As she enters her home-based studio in West Lafayette, Indiana, fiber artist Andrea Rae is reminded of a dark side of human existence. Hanging on the door is a pocket from a pair of jeans worn by a former prostitute. On the pocket, the word “Tips” is written in red ink. “For me, this woven piece of fabric is a daily reminder of human trafficking, child pornography, and the many tragedies that still occur in every state and country.”
Photographer Sandrine Hermand-Grisel grew up in Paris and London before relocating to the United States. She studied international law, then in 1997 decided to dedicate herself full-time to photography. Influenced by her late mother’s sculptures and her husband’s paintings and films, she worked on several projects before her series Nocturnes was recognized in 2005 by Harry Gruyaert, Bertrand Despres, and John Batho for the Prix Kodak de la Critique Photographique. In 2006, she moved with her family to the United States and began experimenting with landscape photography with her series Somewhere and On the Road.
Naomi Schlinke is a Texas-based artist, whose work has been exhibited at the Robert McClain Gallery in Houston, The Dallas Contemporary, Texas State University in San Marcos, D. M. Allison Gallery in Houston, Women and Their Work, D Berman Gallery, and the Dougherty Art Center, all in Austin. Before moving to Austin from San Francisco in 1994, she exhibited with the Braunstein-Quay Gallery in San Francisco. In the 1970s and early ’80s, Schlinke danced with the Margaret Jenkins Dance Company and the Joe Goode Performance Group, both based in San Francisco. Much of her approach to painting is founded on her experiences as a dancer. She earned a BA and MA in Dance from the University of Wisconsin-Madison. She grew up in Dallas, Texas.
Painter Dorothea Osborn draws inspiration from her home-based studio. She loves its location on the Normanskill Creek in Delmar, New York, and its lightness due to a large window and glass door. She places her grandmother’s rocking chair and a table near the window to sketch, read, and work on the computer. When the weather is nice, she works on the deck or in the yard.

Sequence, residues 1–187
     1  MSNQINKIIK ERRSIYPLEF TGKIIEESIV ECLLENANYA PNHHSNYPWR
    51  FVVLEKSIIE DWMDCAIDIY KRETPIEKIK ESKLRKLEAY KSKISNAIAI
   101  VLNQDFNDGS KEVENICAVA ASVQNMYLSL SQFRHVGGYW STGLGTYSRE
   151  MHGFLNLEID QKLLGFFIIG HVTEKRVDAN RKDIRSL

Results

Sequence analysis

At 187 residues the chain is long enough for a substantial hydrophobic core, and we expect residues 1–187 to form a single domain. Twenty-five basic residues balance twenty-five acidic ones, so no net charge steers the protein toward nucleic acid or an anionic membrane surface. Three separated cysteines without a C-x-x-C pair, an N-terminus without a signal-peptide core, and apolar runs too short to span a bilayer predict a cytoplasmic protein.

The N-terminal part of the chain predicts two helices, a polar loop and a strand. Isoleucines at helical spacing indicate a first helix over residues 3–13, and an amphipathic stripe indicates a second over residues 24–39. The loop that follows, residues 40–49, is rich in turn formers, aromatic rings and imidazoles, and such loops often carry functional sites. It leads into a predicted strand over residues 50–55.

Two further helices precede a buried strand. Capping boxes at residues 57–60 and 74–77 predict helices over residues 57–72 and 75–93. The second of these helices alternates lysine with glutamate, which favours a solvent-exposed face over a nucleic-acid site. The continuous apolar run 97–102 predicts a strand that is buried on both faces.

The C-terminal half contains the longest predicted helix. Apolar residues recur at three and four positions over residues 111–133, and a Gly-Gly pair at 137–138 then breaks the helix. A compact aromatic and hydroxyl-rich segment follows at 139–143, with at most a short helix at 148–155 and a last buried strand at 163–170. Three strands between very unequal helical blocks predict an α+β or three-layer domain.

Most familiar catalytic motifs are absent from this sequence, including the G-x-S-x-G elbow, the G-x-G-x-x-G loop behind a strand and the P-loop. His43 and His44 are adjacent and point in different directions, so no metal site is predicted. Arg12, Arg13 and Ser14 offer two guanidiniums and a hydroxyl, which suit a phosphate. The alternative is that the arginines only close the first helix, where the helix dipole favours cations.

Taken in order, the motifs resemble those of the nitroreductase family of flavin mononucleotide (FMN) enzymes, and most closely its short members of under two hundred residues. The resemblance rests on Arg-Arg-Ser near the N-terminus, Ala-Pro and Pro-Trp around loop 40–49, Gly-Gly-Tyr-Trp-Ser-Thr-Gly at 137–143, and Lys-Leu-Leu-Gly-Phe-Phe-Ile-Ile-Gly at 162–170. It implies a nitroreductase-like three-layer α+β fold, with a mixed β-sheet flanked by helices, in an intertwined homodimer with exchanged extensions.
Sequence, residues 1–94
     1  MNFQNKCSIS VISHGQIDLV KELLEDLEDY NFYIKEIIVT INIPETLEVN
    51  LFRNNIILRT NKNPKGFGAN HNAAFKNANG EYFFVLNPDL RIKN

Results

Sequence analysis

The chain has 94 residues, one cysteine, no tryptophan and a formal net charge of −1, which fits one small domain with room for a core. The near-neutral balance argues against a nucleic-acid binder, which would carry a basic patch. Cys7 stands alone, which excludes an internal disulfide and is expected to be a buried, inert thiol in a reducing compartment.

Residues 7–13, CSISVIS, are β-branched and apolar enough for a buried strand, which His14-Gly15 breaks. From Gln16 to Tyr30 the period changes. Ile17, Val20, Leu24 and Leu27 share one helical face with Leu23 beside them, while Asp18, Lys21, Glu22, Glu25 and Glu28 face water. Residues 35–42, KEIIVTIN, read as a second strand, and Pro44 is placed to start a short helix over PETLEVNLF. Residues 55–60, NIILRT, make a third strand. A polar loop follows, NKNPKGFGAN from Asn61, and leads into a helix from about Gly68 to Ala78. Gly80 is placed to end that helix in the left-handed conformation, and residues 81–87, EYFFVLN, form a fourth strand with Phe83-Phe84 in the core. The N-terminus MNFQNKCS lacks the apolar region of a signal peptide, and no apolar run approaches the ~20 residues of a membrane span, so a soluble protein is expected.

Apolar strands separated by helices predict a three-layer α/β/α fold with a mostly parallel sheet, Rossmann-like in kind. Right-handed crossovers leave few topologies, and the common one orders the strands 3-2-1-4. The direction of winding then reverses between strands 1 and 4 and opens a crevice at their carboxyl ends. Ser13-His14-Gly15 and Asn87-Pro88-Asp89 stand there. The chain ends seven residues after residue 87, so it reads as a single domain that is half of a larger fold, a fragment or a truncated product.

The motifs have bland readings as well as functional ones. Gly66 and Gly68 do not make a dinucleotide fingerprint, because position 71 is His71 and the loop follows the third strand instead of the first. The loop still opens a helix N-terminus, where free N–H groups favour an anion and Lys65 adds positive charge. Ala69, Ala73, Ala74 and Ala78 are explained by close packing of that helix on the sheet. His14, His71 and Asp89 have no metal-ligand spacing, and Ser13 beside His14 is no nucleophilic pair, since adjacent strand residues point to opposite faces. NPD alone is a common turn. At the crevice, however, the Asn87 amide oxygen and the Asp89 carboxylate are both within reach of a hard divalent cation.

For David Criner, a basement studio has become his sanctuary. There, in his Chicago home, his best emotional and spiritual selves manifest. In fact, thirteen years ago, he wanted to buy the house because of its basement. The basement is spacious—unlike earlier studios housed in small apartments and even a storage locker—and easily accessible. No longer does he want to share a studio with other artists as he did as a student; he requires privacy to create his art.
At Northern Illinois University, ceramic artist Emily M. Rangel-Cascio turned a windowless, plain studio into a home. The graduate student decorated metal shelves and walls with her artwork—both completed projects, such as a mug collection, and failed ones that she intends to revisit. Through viewing these displays, visitors, professors and fellow classmates gain insight into her creative process, including different clays and firing techniques she uses. The walls also provide privacy so she can concentrate on her work.
David Quinn is a self-taught photographer in Setauket, New York, who became interested in photography in his early fifties. He focuses mainly on creating landscape, flower, and nature images with an occasional venture into street and architectural pictures. In his artwork, he strives to evoke an emotion, raise an uncertainty, or create a sense of movement by either isolating key elements or blurring the subject matter. He has had exhibits at the Long Island Arts Council at Freeport and Huntington Arts Council. In 2014, the online magazine BWGallerist identified him as one of the best emerging black-and-white fine art photographers. See his work in WTP Vol. VI #6.